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Ukulele lessons, no strings attached at Mountain View Library

Newbies and regulars converge at free monthly event to play and sing together

The sound of Neil Diamond's "Sweet Caroline," originating from 30 strumming ukuleles and singing voices, carried into the main halls of the Mountain View Public Library in the early evening Aug. 26, during the monthly Ukulele Play and Sing Along event.

Roughly 15 regulars, along with eager first-timers and curious passersby, filled the room, grabbing instruments and guidebooks with sheet music and instructions for playing chords, which are funded by the Friends of the Mountain View Library.

The program, which got its start five years ago, primarily caters to beginners of all ages, using simple lesson plans and offering over 400 songs from the 1950s to the 2000s.

However, librarian and program coordinator Kyle Hval said he has seen a cohort of people return year after year, whether for the family bonding, community of musical enthusiasts or the opportunity to get out and relax on a weekday.

"People always leave with a smile on their face," Hval said. "It's rare to have an environment where you can bring together people from such different ages and backgrounds toward a common purpose."

The first 60 minutes of the class are devoted to structured learning, during which teacher Chuck Monahan guides the group in song and shows them proper fingering techniques.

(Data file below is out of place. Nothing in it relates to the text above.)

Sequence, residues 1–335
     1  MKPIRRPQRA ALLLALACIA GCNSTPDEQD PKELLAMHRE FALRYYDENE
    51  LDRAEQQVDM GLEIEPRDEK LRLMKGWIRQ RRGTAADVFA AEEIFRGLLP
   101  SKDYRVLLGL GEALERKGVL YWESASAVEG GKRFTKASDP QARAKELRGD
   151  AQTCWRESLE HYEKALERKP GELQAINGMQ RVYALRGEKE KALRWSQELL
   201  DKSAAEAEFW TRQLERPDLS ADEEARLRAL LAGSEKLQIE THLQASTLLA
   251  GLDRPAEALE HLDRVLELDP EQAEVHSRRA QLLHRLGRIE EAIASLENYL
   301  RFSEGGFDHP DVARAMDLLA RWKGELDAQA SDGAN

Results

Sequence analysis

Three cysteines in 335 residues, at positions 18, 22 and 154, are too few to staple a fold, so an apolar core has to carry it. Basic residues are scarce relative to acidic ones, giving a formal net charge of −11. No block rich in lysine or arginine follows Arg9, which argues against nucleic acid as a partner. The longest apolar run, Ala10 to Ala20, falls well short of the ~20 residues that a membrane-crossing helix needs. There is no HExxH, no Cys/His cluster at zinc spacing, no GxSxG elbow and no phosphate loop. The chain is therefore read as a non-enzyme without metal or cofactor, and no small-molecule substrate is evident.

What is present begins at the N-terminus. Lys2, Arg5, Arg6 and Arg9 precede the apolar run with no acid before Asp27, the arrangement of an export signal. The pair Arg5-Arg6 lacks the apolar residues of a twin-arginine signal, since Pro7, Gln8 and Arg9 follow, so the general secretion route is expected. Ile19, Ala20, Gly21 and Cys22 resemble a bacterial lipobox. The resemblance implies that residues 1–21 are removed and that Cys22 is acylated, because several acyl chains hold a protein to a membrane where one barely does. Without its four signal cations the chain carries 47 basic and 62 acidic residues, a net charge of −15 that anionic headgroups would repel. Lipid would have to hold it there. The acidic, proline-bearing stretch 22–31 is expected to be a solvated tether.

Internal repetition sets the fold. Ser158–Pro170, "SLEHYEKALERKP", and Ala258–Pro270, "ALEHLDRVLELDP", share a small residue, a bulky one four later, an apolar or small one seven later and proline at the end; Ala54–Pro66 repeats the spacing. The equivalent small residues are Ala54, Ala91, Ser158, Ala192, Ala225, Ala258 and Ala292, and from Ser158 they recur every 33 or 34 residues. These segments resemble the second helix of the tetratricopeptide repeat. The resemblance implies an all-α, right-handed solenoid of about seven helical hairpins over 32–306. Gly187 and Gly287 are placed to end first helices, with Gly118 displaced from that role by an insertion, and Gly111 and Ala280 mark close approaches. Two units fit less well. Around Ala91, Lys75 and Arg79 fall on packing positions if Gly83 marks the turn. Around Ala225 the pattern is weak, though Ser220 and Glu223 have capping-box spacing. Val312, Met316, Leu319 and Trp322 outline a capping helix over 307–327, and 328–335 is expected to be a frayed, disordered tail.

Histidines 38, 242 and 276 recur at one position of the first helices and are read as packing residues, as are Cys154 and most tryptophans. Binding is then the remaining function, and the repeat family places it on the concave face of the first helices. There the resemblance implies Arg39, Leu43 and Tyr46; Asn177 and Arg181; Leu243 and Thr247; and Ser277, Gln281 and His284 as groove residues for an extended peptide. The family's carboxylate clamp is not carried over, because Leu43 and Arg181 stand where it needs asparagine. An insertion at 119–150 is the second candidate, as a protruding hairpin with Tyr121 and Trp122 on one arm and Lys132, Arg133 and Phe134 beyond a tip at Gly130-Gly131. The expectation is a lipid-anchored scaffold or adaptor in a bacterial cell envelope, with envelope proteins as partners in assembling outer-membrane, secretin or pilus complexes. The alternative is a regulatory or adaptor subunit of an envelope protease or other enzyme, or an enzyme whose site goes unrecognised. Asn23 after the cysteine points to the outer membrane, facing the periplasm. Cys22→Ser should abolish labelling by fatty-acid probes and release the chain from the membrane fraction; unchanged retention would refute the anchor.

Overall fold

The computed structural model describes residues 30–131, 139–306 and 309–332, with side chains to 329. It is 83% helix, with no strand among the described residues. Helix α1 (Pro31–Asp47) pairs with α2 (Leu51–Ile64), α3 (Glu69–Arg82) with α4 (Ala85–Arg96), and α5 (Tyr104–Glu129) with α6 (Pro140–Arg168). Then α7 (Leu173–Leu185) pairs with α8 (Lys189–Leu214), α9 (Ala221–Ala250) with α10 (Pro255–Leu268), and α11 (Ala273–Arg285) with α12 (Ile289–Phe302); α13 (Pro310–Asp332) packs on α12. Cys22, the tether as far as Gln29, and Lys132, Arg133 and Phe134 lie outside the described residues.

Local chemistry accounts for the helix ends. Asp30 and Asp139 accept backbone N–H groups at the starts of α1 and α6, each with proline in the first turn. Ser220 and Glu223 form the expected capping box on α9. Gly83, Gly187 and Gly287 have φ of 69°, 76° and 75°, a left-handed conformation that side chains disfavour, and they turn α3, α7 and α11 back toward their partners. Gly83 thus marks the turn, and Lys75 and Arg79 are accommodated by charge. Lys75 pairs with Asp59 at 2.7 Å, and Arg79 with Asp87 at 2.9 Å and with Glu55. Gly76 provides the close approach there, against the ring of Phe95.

In the last half hour, attendees request their favorite songs. Taylor Swift's "Shake It Off," the Eagles' "Hotel California," and Benny Bell's "Shaving Cream" consistently make an appearance, Hval said.

Palo Alto resident Sabrina Johnson said she bought a ukulele after a trip to Hawaii, but despite good intentions, it sat in her closet for a year until she began attending the library's program.

Johnson, who works as a lawyer, said the event has helped her to "shift gears and de-stress" and nurture her love of music.

For a little over a year, Gary Guiffre has brought his grandkids to the class, using his time to keep up his ukulele skills and meet new people. Guiffre said he has also learned to play the mandolin, guitar and bass in his spare time.

According to Monahan, the ukulele is an ideal starting instrument for those wishing to become more musically capable, adding that the low learning curve allows students to pick up several songs in just an hour of instruction.

Monahan noted that the library program offers a welcoming and pressure-free environment to learn the instrument.

"The beauty of playing in a large group is you can play the wrong chords. You can sing in the wrong key," Monahan said. "Some people will stress out (but) if you get a single chord, you're doing great."

The Ukulele Play and Sing Along program is free and open to the public. The class is usually held on the fourth Monday of every month, from 6:30 to 8 p.m. in the program room of the Mountain View Public Library. For more information visit the library's event calendar here.

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Comments

4 people like this
Posted by senior
a resident of Community Center
on Sep 10, 2019 at 10:00 am

Playing music is a great way to keep your mind active as you age, which has many physical health as well as mental health benefits.


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Posted by RobertRoth
a resident of Santa Rita (Los Altos)
on Oct 20, 2019 at 3:13 am

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